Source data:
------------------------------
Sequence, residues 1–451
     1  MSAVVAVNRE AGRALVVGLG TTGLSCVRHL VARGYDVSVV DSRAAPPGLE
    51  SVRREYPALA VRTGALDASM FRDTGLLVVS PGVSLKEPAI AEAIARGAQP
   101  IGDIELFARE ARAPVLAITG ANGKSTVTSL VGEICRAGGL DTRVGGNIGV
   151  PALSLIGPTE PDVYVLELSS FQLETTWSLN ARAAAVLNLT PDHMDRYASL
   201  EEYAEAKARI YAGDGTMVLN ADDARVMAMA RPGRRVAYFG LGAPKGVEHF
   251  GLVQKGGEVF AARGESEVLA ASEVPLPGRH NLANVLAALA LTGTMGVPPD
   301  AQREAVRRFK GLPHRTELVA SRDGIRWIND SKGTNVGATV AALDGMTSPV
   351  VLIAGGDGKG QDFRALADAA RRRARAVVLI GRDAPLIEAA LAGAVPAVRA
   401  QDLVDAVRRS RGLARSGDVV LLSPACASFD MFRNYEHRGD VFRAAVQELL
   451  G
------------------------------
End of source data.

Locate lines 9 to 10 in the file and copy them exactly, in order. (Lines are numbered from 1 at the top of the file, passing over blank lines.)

   351  VLIAGGDGKG QDFRALADAA RRRARAVVLI GRDAPLIEAA LAGAVPAVRA
   401  QDLVDAVRRS RGLARSGDVV LLSPACASFD MFRNYEHRGD VFRAAVQELL